What exactly is this PDF problem? Readers who have exchanged PDF files with clients for years without ever running into problems may be forgiven for wondering what this supposed PDF problem is. The problem arises because there are at least two ways to create PDF files.

One way to create a PDF file is by placing a paper original of a document into a sheet scanner, and optically scanning the paper original. The light and dark areas on the paper original are scanned and the PDF file contains ones and zeros indicative of which areas were light and which areas were dark. One name for such a PDF file is a "bit-mapped raster-scanned" PDF file. At the receiver's computer, the file is displayed or printed simply by displaying or printing light and dark areas that match the areas that were light or dark in the paper original that was optically scanned.

A second way to create a PDF file is by "printing" from a word processor or other character-based application into a PDF file using a PDF print driver. Such a PDF file contains bytes indicative of particular characters that are meant to appear on the later-rendered page, as well as bytes indicative of the font and point size to be used in the later rendering and the position of the characters on the page when rendered. One name for such a PDF file is a "character-based" PDF file. At the receiver's computer, any display or printing of the PDF file requires that the receiver's computer possess font information for the fonts that were used. Usually this is not a problem because most character-based PDF files use fonts that everybody has on their computers.

A particular PDF file might be a hybrid of these two types, with some pages created by optical scanning and other pages created by character "printing" by means of a driver. For example Adobe Acrobat (the full version, not the reader) may be used to stitch together pages from two or more PDF files into a single PDF file. The source PDF files might have been created by different means, e.g. one by scanning and one by character printing.

Experience shows that every now and then, a font installed on an author's computer will either fail to match a seemingly identical font on the receiver's computer, or will be missing from the receiver's computer. Adobe's Acrobat documentation says:

If you do not embed fonts in a PDF file and a user opens the file on a system that does not have the file’s fonts, Acrobat temporarily substitutes fonts. For Roman text, Acrobat uses serif and sans serif Multiple Master fonts to simulate the original font. For Asian text, Acrobat uses fonts from the installed Asian Language Kit or from similar fonts on the user’s system.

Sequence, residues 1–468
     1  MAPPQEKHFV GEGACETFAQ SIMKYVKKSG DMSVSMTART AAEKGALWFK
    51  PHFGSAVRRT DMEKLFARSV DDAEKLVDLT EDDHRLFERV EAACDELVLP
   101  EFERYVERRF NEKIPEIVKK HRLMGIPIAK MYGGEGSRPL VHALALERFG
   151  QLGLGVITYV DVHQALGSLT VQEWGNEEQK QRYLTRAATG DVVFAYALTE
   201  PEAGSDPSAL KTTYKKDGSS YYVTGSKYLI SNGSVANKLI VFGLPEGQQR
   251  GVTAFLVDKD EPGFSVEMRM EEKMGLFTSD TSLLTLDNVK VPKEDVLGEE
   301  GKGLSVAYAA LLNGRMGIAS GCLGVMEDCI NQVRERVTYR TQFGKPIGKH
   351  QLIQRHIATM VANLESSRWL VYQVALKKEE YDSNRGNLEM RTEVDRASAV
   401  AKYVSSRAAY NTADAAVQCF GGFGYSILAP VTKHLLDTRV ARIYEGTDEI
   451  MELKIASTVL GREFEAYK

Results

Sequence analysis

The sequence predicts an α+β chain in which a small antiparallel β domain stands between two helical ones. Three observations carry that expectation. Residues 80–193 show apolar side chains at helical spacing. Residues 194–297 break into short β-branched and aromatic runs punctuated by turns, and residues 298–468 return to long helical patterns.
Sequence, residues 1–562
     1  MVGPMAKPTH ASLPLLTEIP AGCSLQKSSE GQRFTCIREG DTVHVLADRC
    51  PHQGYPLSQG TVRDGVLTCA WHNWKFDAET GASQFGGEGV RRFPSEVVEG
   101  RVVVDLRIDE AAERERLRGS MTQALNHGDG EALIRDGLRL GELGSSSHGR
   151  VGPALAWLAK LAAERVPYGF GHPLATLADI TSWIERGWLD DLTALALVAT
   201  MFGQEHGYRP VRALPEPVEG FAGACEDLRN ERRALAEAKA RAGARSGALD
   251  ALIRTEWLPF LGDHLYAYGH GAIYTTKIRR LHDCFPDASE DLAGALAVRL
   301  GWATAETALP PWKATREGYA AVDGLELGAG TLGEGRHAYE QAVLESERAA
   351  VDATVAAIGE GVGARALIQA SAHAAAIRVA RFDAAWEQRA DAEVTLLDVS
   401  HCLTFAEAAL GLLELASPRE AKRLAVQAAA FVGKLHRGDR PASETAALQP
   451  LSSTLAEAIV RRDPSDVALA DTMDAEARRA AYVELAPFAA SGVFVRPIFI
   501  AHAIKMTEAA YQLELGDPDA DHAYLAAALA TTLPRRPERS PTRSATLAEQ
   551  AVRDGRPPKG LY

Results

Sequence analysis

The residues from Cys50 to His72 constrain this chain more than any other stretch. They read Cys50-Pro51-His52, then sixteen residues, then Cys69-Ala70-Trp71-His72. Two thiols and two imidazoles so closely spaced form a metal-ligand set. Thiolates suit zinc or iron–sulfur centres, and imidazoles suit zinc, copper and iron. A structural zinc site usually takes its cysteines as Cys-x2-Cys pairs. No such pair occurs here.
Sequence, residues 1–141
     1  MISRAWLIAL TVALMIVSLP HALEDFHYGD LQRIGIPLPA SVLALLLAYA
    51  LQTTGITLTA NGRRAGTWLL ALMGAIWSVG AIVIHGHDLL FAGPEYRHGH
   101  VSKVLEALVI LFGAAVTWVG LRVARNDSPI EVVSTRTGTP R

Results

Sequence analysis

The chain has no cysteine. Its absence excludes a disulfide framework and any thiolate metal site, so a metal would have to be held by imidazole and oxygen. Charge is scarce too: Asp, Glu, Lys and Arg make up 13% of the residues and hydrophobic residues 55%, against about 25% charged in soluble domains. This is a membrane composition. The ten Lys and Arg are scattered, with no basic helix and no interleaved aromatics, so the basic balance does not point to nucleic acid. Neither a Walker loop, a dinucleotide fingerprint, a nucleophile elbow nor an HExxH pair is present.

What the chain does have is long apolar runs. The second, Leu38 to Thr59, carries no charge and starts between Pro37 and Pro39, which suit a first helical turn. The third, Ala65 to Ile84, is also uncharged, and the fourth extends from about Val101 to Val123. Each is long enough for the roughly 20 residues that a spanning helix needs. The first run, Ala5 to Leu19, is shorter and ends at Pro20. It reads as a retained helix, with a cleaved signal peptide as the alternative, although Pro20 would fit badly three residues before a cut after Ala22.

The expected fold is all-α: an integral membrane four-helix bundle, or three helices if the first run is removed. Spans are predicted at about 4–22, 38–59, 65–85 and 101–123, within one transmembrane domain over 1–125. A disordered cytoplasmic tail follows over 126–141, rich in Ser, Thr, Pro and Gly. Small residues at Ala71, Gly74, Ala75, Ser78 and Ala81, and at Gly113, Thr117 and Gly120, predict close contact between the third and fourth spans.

The result of such substitution can be a received PDF file which, when rendered on the receiver's computer, has blanks where some characters should appear. Or the result can be a received PDF file which, when rendered, has page breaks in unexpected places.

One way to avoid completely any risk of non-identical rendering at the receiver's computer is for the author to avoid character "printing" and instead to use only optical scanning of paper originals in the creation of PDF files. In a character-based PDF file, one way to reduce the risk of non-identical rendering at the receiver's computer is to configure the PDF driver so that it will "embed" any fonts used within the PDF file. This makes the PDF file larger but permits the receiver's computer to render such characters even if their font had not previously been installed on the receiver's computer. Yet another approach would be to design and use a PDF printer driver that would never store character-based information at all in the PDF file, but would instead store only rendered bitmaps in the PDF file, even for files printed from character-based applications.

Still another approach would be to avoid the use of PDFs in e-filings, and instead to use (for example) multipage TIF images, which are always (by definition) raster-scanned bitmaps, and which never (by definition) contain character-based information.

Still another potential complication arises because some fonts cannot be embedded in PDF files. The Acrobat documentation says:

A TrueType font can contain a setting added by the font’s designer that prevents the font from being embedded in PDF files.

Some designers of fonts assert proprietary rights in their fonts, demand license fees for use of their fonts, and object to their fonts being embedded in PDF files. This puts a patent office in the position of wondering how to handle a PDF file that relies upon a "licensed font" which the patent office does not possess or has not licensed.

The above discussion merely describes briefly the areas of concern that surround PDF as a format for e-filed documents. The subject of PDF portability is a complex one. Yet the plain fact is that lots of people send PDF files to each other without encountering any of the above-mentioned problems. More experience will be needed to assess just how often these problems really arise.